SAN FRANCISCO/NEW YORK (Reuters) - Strong results from Halliburton Co (HAL.N) and Weatherford International Ltd (WFT.N) on Monday helped send oilfield service shares soaring, but failed to allay industry-wide anxiety about the outlook for 2009.
The better-than-expected third-quarter results from two of the sector’s top six companies were driven by international activity and greater North American demand. Both stocks rose sharply, also lifted by a 3 percent rise in oil prices on expectations OPEC will cut output this week.
Both companies, however, warned that the sharp drop in energy prices, particularly for natural gas, from their summer peaks could hurt profitability.
“If the price of hydrocarbon is down, albeit at a level that is still attractive but is down, obviously pricing power internationally is not going to be the same,” Weatherford Chief Executive Bernard Duroc-Danner told investors on a conference call.
In recent weeks, all companies offering equipment and technology to help extract oil and natural gas have been hit hard as the economic slowdown hurts energy prices, threatening marginal exploration and production projects.
Halliburton said the announced reduction in some customers’ capital spending would bring down its North American rig counts below previously anticipated levels.
Drilling contractor Nabors Industries Ltd (NBR.N) said on Monday, alongside quarterly results, that due to an expected drilling slump it would cut capital spending that was not tied to contracts or did not offer rapid returns.
“Nobody’s making a call on where ‘09 goes,” said Pierre Conner, an analyst at Capital One Southcoast, though he agreed with Halliburton’s view that those operating rigs at reduced numbers in North America next year would be more likely to pay for services to increase well output.
Halliburton had a much better quarter for such services in its completion and production unit, which saw North American margins rise 2.6 percentage points from the previous quarter to 27.2 percent, offsetting a fall elsewhere. That was driven at least in part by lower costs, Conner said.
Halliburton CEO Dave Lesar said in a statement that while lower energy prices were likely to curtail drilling activity in North America, he expects most new projects to continue.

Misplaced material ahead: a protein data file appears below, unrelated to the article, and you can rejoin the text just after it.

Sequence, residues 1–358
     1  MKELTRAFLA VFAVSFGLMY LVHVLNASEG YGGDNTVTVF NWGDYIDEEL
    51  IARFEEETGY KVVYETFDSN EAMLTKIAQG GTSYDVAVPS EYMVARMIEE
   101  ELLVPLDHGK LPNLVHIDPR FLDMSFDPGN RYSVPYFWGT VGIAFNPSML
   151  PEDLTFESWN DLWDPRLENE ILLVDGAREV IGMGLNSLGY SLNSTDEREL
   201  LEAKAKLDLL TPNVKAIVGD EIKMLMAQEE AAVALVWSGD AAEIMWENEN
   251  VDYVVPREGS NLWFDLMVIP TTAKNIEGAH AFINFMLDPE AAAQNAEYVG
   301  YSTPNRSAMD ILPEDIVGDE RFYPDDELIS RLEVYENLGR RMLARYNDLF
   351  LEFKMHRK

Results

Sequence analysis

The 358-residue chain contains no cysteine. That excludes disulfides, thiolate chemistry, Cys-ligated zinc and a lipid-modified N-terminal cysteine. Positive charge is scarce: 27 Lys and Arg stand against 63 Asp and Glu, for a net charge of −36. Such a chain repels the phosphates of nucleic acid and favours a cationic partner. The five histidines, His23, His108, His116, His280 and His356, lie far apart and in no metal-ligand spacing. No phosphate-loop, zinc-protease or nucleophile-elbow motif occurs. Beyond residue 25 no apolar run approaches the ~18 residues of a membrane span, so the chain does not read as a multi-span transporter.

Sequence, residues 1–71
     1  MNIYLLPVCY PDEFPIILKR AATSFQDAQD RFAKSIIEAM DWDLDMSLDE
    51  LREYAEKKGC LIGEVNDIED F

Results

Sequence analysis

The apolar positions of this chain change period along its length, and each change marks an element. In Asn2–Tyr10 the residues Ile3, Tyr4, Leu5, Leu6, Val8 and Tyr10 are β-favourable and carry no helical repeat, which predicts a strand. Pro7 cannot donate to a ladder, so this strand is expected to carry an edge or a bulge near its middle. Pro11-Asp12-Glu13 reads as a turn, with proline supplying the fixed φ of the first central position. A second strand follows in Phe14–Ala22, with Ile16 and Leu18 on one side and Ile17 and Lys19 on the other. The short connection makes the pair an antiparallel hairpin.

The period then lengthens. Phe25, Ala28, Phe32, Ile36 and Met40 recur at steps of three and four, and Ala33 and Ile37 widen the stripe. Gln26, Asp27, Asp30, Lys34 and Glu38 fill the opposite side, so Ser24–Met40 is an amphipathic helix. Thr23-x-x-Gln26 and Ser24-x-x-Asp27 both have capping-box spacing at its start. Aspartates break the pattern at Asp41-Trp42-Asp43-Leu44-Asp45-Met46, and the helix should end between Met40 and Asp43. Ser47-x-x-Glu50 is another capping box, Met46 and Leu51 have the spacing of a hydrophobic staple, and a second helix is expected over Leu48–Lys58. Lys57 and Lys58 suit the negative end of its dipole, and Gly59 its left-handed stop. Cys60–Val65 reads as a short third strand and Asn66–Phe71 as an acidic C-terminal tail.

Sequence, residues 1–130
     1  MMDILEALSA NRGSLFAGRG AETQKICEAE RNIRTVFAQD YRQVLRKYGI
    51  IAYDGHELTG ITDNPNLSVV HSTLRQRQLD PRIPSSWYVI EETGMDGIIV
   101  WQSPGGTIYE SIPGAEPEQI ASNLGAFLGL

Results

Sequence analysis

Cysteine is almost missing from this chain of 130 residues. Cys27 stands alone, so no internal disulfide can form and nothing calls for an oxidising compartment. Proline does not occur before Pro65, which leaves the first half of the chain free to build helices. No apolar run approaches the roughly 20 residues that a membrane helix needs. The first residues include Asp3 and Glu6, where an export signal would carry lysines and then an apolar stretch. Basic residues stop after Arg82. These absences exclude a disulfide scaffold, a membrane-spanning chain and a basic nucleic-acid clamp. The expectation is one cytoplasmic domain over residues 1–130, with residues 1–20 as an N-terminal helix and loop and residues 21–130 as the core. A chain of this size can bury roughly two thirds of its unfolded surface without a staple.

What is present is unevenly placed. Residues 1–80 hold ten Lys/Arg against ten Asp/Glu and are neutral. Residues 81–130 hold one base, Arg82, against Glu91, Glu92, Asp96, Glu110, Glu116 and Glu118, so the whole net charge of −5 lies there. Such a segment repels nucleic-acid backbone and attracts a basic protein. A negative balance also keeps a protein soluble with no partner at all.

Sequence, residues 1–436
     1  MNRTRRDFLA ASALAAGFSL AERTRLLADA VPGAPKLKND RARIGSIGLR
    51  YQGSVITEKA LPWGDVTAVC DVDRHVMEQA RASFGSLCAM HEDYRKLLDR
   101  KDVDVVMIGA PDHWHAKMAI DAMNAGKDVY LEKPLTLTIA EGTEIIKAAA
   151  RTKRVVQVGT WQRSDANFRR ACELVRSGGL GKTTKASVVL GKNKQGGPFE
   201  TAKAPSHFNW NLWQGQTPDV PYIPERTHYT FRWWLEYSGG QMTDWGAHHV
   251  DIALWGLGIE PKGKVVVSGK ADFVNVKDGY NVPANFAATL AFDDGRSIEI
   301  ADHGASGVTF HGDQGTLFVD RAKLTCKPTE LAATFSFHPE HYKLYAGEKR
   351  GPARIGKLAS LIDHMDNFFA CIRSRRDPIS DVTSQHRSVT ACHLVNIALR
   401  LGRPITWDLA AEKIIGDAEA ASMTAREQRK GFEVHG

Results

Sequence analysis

“We are cognizant that a worldwide recession would have negative short-term implications for demand,” he said.
Excluding special items, Halliburton posted earnings of 76 cents a share on a 23.5 percent rise in revenue to $4.85 billion, comfortably exceeding analysts’ average estimates of 74 cents and $4.62 billion, according to Reuters Estimates.
Including an acquisition-related charge and costs from the settlement of convertible debt, it posted a third-quarter net loss of $21 million.
The hurricanes that hit the Gulf of Mexico hurt results by 4 cents a share, but North America was strong despite that.
“The question now is how quickly North America volume and pricing retreats as smaller independents are hit with declining commodity pricing and a stricter credit environment,” JPMorgan analyst Michael LaMotte said in a note to clients.
Halliburton said it was too early to give a clear outlook for 2009 capital expenditure or margins, but Weatherford said it would cut 2009 capital spending to between $1.5 billion and $2 billion from its previous expectation of $2.4 billion.
Asked about the potential impact of fewer rigs on margins, Weatherford said a decline of 400 rigs from the North American industry total of 2,449 in September would knock between 4 and 4.5 percentage points off margins. Weatherford’s North American operating margin was 26.5 percent in the third quarter.
Overall, its quarterly earnings before special items rose to 55 cents a share from 43 cents, beating the average analyst expectation of 53 cents. Revenue rose 29 percent to $2.54 billion, also topping the Wall Street average.
Earlier on Monday, Morgan Stanley, Deutsche Bank, FBR Capital Markets and Natixis Bleichroeder all cut sector profit estimates in light of last week’s warning from Schlumberger Ltd (SLB.N) of lower anticipated spending by clients in 2009.
At Friday’s close, Halliburton had lost 52 percent of its value in 2008, in line with the Philadelphia Stock Exchange oil services index .OSX. Schlumberger shares, which at more than 10 times 2009 estimated earnings had traded at twice that of Halliburton before Friday, rose 11.5 percent on Monday.
Halliburton shares rose 14 percent to $20.80 on the New York Stock Exchange and Weatherford surged 15.5 percent to $16.96.
Editing by Lisa Von Ahn, Susan Kelly and Matthew Lewis